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Random Game Callback, July 18, 1959
2006-07-18 03:59
by Bob Timmermann

Bob Shaw and Gerry Staley combined on a six-hitter as the Chicago White Sox beat the New York Yankees for the fifth straight time on the season, 2-1 before a crowd of 33,744 at Yankee Stadium.

Shaw, a Bronx native, was given the start by manager Al Lopez, who had gotten the surprising White Sox in to first place. New York manager Casey Stengel, plagued by inconsistent pitching, was in an unfamiliar spot, fourth place. Don Larsen got the start for the Yankees.

The Yankees got half of their hits in the game in the second inning, an inning that would prove fateful. Left fielder Norm Siebern singled and third baseman Hector Lopez did the same and Siebern went to third. Shortstop Gil McDougald scored Siebern with a sacrifice fly and Lopez moved up to second on the throw. Second baseman Bobby Richardson singled to left and Lopez tried to score from second but Chicago's Al Smith gunned out Lopez at the plate. Larsen lined out to third to end the inning.

Smith got the White Sox rally started in the fourth. With one out, Smith singled to left. Third baseman Billy Goodman drew a walk. Right fielder Jim McAnany doubled to score Smith and Goodman held at third. Shaw singled to left to score Goodman with the White Sox second and final run.

Larsen bobbed and weaved for eight innings, giving up 10 hits, but never gave up any runs aside from the two in the fourth. Duke Maas pitched a scoreless ninth for the Yankees.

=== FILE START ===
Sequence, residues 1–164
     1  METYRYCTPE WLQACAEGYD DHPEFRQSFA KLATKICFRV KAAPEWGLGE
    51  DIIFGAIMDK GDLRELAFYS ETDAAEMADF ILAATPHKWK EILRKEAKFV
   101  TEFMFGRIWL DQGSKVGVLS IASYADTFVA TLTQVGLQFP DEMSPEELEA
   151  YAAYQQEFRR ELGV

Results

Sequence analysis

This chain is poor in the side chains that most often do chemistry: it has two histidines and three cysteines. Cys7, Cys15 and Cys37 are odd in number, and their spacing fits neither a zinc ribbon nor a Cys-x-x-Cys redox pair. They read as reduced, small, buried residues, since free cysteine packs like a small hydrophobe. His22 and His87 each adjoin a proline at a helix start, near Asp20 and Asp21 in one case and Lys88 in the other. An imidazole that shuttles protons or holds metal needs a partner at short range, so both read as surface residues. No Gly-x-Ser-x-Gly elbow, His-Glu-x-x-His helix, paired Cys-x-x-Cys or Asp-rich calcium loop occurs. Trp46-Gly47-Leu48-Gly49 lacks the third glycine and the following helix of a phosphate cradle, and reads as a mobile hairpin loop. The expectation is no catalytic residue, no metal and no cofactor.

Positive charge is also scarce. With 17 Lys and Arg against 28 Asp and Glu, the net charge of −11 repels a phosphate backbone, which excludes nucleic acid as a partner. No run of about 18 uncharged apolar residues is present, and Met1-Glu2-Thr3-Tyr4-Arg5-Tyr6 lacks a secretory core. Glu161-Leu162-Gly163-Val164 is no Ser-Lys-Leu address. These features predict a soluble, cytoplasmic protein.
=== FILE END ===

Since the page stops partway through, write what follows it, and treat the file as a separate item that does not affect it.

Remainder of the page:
Shaw was sailing along though until the ninth. He retired center fielder Mickey Mantle to lead off the inning, but catcher Yogi Berra singled and Bobby Shantz ran for him. Siebern singled to right and Shantz went to third. Lopez called on his veteran reliever, the 38-year old Staley, who made the long walk in from the visitors bullpen.

The walk to the mound was longer than Staley's stay there. Lopez hit Staley's first pitch to second baseman Nellie Fox who flipped it to shortstop Luis Aparicio and then on to first baseman Earl Torgeson for a double play to end the game.

1959 would be a memorable year on the South Side. The White Sox won their first AL pennant since 1919 with a 94-60 record, although that joy was tempered by the team's loss to the Los Angeles Dodgers in the World Series in six games.

Shaw would have one of his best years with an 18-6 record and a 2.69 ERA. Staley would share bullpen chores with Turk Lown. Staley saved 14 games and Lown saved 15. Staley would later be traded by the White Sox as part of an 8-player deal with Kansas City in 1961 that included Larsen. You can read about that here.

As for the Yankees, they would finish a distant third, 15 games behind the White Sox at 79-75. The Yankees had won every AL pennant from 1947 through 1958 with the exception of 1954, when Cleveland, managed by Lopez, won 111 games to take the flag. Fifteen different pitchers made starts for the Yankees.

But the Yankees wouldn't stay down for long. In the offseason, Larsen, Hank Bauer, Siebern, and Marv Throneberry (the starting first baseman on this day) were traded to Kansas City for Joe DeMaestri, Kent Hadley, and Roger Maris. Maris would win back-to-back MVP awards and the Yankees would win the AL pennant for the next five seasons.

Sources: Retrosheet,, Chicago Tribune

2006-07-18 10:36:48
1.   Suffering Bruin
The last paragraph is just startling to me. How many years did teams wait for the Yankees to fall? I'll bet after 1959, folks thought the Yankees would finally end their run and they would share in the spoils. They would replace players, replace a hall of fame manager in a year and still they would win. Their "fall" didn't happen for another half-decade.

Yeah, I hate the Yankees. I'd do anything not to admire what they accomplished but I don't have a choice and frankly, neither should anybody else.

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